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Bitcoins are the new black. Created and held electronically by users, this new form of virtual currency has gained popularity across the web, but not necessarily the globe. Created as a type of “money” to be exchanged for products and services via the Internet across the globe, they’ve given users more freedom in internet transactions. But with more freedom comes more responsibility—criminal responsibility included. Though Bitcoin is not recognized as legal tender in the United States, agencies have taken steps to regulate the movement of Bitcoin in efforts to prevent illicit activities and transactions involving Bitcoin.
Bitcoin is a form of peer-to-peer private digital currency created and held electronically. Since it is peer-to-peer, there are no third-party intermediaries that impose transaction fees. The lack of transaction fees make Bitcoin appealing to many. Transactions are encrypted which means no personal information is revealed. This anonymity has led to the use of Bitcoins to buy illegal drugs online or for other illicit activities. Bitcoins are recorded on a shared public ledger called a block chain. And although each transaction is publicly recorded, no personal information is revealed because it is encrypted.
In July 2015, Anthony Murgio and Yuri Lebedev faced criminal charges in connection of their operation of a Bitcoin exchange site called Coin.mx. In November 2015, Murgio pleaded not guilty to the following charges:
A statement released by the FBI accused Murgio of failing to meet registration and reporting requirements in violation of federal anti-money laundering laws and regulations and knowingly exchanging cash for Bitcoins with people Murgio and his co-conspirators believed to be engaging in criminal activity, enabling those criminals to receive proceeds of their crimes.
Coin.mx is a bitcoin exchange site owned by Gery Shalon, the mastermind of the JP Morgan Hack of 2014. Shalon faces hacking charges as part of a global operation involving illegal Internet casinos, a payment-processing service for criminals and an unlicensed exchange for bitcoin. Coin.mx allegedly allowed criminals to cash in Bitcoins paid by victims whose computers the criminals infected with malware.
To be clear, the exchange of bitcoins for cash in itself is not illegal. The criminal charges come in when Bitcoins are exchanged in conjunction with unlawful activity. Because Bitcoins are not recognized as legal tender, they are not regulated directly. However, anti-money laundering statutes and regulations as well as regulations regarding money transmitting businesses govern—and in effect, regulate—the exchange of Bitcoins for cash. Several government agencies have established regulations governing money service businesses, which encompasses businesses dealing in virtual currencies such as Bitcoin.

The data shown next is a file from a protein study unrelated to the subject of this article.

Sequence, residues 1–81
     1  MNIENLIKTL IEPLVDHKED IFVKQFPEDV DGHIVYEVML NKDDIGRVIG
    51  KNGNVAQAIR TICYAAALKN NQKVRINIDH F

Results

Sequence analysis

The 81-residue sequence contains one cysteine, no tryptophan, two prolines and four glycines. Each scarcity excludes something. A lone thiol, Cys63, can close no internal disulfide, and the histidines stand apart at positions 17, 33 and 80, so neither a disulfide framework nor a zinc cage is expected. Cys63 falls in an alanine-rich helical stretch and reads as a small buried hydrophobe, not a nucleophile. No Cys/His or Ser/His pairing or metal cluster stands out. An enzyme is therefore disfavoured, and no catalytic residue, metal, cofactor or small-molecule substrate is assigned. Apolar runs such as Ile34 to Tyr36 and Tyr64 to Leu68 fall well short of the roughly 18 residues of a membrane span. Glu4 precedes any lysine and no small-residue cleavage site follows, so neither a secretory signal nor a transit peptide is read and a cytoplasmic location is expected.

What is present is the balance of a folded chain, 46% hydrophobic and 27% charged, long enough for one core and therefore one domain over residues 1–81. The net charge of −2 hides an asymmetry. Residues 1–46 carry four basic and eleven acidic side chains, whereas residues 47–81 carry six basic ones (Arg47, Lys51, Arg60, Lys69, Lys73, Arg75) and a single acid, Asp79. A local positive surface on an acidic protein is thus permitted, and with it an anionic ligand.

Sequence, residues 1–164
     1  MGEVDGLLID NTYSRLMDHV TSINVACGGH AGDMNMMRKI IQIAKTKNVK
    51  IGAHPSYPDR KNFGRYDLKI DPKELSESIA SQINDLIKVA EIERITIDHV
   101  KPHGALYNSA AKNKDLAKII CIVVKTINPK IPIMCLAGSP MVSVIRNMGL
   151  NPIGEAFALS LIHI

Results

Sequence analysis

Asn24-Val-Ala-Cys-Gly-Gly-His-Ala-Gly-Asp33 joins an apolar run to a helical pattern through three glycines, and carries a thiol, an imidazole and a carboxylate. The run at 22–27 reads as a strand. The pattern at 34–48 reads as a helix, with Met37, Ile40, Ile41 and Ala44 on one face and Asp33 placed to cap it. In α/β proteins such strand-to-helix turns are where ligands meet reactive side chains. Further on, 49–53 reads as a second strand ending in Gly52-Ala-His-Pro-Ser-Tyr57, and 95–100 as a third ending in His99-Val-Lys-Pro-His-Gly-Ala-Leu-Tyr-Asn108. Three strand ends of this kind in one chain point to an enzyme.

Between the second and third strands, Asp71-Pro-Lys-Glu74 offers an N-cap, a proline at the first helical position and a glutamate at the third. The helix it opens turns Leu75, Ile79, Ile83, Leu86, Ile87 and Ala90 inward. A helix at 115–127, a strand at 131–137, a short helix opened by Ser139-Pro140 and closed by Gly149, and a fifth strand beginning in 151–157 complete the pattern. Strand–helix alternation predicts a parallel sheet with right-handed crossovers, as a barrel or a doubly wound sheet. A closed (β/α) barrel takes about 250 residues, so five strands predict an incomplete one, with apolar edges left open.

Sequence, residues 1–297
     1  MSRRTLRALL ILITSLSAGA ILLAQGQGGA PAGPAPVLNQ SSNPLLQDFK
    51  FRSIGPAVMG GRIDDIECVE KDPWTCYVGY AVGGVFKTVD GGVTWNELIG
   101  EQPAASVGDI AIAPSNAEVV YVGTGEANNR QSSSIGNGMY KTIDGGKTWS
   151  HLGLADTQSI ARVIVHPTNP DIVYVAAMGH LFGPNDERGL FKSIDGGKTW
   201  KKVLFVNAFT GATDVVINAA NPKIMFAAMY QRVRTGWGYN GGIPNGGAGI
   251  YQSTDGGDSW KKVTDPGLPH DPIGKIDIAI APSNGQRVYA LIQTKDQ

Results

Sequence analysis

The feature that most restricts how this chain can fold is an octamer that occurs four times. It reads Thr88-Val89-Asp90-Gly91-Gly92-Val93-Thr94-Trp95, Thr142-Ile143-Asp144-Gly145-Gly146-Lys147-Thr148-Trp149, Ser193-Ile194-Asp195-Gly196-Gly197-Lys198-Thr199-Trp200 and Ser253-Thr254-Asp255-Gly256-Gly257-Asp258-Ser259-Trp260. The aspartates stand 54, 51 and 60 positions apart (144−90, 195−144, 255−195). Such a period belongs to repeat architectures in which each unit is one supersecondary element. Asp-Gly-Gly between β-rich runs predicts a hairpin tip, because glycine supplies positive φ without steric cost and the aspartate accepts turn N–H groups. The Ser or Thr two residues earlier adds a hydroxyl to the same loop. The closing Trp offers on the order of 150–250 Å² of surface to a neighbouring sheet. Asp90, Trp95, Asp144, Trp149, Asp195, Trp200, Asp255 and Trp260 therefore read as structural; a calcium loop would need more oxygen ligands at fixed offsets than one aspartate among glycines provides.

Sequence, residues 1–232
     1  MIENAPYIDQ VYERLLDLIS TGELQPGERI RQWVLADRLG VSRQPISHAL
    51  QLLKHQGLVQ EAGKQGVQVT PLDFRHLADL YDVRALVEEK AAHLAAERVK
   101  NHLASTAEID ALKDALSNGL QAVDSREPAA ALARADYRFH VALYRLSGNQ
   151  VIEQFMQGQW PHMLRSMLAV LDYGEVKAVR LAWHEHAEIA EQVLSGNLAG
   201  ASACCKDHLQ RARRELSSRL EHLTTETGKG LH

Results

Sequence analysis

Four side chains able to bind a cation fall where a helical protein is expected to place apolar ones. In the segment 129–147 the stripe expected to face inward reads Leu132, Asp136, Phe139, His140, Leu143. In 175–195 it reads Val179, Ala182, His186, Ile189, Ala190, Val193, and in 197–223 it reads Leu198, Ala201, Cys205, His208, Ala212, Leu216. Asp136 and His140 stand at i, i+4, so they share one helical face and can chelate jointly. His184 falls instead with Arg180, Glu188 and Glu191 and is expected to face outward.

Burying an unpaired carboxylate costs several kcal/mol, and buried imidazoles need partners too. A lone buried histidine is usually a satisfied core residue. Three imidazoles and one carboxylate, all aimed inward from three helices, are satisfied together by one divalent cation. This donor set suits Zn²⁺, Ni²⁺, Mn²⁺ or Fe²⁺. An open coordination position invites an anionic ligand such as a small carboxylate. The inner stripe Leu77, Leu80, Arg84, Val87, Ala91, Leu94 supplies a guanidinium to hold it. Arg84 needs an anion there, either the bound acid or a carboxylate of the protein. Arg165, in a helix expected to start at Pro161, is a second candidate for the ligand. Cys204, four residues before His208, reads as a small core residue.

The BSA regulations require all financial institutions to assist the government in its efforts to detect and prevent money laundering by keeping records and filing reports of suspicious activity. The Bank Secrecy Act of 1970 requires financial institutions to detect and prevent money laundering. The Act specifically requires the institutions to keep records and file reports of suspicious activity that might signify money laundering, tax evasion, or other criminal activities.
Further, the USA Patriot Act of 2001 amended provisions of the Bank Secrecy Act to impose enhanced due diligence requirements on financial institutions. The Patriot Act cites concerns international money laundering and financing of terrorism to reinforce the Patriot Act.
The Department of Treasury’s Financial Crimes Enforcement Network (FinCEN) released an official guidance providing that companies operating as bitcoin exchanges and payment processors may be considered as money service businesses, thus subject to their regulations.
In September of 2015, the Commodity Futures Trading Commission issued an order establishing virtual currencies such as bitcoins are commodities subject to regulation by the CFTC.
The IRS also issued a notice in March 2014 providing guidance on the application of tax principles to transactions involving bitcoins. It explained that Bitcoin was a convertible virtual currency meaning it can be traded between users and could be exchanged for other real or virtual currencies. The notice provided that because of the nature of bitcoin in economic transactions has tax consequences that may result in tax liability.
To sum it up, Murgio’s charges are derived from the illegal nature of the transactions of Bitcoin. First, Coin.mx is a money service business as defined by FinCEN, thus it is subject to federal laws and regulations requiring it to apply for a license. Coin.mx was allegedly unlicensed. Secondly, because it was a money service business it was required to keep certain records and file reports to detect and deter money laundering. Coin.mx allegedly did not file any reports. Lastly, because Murgio is the operator of the site, he is presumed to have knowledge of the transactions and should have known the criminal nature of the transactions.